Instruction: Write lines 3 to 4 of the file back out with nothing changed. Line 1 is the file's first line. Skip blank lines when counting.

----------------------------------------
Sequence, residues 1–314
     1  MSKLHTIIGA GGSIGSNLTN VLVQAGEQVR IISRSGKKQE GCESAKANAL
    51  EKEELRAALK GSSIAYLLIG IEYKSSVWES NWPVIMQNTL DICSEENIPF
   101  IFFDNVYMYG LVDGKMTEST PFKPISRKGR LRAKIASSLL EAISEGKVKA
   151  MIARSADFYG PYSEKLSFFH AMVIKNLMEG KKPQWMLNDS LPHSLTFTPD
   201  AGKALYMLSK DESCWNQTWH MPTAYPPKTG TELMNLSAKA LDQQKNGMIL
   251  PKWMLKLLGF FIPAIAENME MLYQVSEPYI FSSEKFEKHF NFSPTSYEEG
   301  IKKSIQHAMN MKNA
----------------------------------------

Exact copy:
    51  EKEELRAALK GSSIAYLLIG IEYKSSVWES NWPVIMQNTL DICSEENIPF
   101  IFFDNVYMYG LVDGKMTEST PFKPISRKGR LRAKIASSLL EAISEGKVKA